Classical inheritance is obsolete
dmitry.soshnikov at gmail.com
Sun Jun 30 19:50:17 PDT 2013
On Sun, Jun 30, 2013 at 10:41 AM, Brendan Eich <brendan at mozilla.com> wrote:
> [Fixing empty subject.]
> Chris Ryan wrote:
>> Do we need classes at all? In my opinion, given that the concept is
>> implemented in a clear manner and it is possible to be powerful enough
>> to be of use in favour of prototyping (and developing based on the
>> prototypal concept instead), then yes, it would have my support.
>> However, my major gripe with the current classes proposal (and in fact
>> with a few other proposals too, but that's a different story) is that
>> it's just syntactic sugar added for the sake of it - it doesn't add
>> any sort of functionality that cannot be implemented another way with
>> the current toolset, and this contraption will only add complexity and
>> confusion to the language.
> Anyone who thinks |class| came from Java is not paying attention. Python,
> Ruby, and other languages (such as CoffeeScript, inspired by Ruby and JS
> with a bit of Python) have |class|, but they are dynamic. What's in a name?
> It depends, I think, on what you were taught.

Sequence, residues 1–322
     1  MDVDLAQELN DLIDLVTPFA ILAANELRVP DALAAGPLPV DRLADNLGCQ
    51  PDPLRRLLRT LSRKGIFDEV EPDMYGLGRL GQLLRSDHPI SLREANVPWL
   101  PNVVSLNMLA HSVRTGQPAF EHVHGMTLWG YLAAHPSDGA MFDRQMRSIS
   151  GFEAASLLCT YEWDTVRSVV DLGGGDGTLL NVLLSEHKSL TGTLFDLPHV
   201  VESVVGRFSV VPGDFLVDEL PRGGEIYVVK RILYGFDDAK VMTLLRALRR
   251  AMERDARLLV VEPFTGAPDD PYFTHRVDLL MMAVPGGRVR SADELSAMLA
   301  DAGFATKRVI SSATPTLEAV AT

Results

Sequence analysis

Exactly. In fact, JS has classes for years (w/o sugar), as well as Python
is prototype/delegation-based (w/ classes sugar).
>From this perspective, classes themselves can be classified (long time ago
I created this quick cheat sheet for that:
https://gist.github.com/DmitrySoshnikov/977034; became a bit lazy at that
time for a full article for this, although had written before a good long
analysis explaining why JS being different, "is not that different", and
can be considered as class-based, as well as Python/Ruby are
delegation-based. Interested may find it on my site).
A class is just a code reuse pattern, the pattern has pros and cons. A
class is not the "class" keyword in a language. And even not the ability to
create classes using this keyword. And even not the static shapes of
created instances (see the "static second-class classes" as Java's). It's
just the ability to code in a classified code reuse: i.e. create instances
by the template. And this ability was here for years with
"constructor+prototype" pair. This spec will only add a bit of sugar. The
same as in Python which is considered as a class-based.
An important note: this sugar (and exactly the "sugar" as a slang
definition for abstraction matters) will give the ability for newcomers not
even know about the prototypes (and it's good). Which in this case will
just become as an "implementation detail".
P.S.: although, that mentioned, this topic is better discussed on JS forums.
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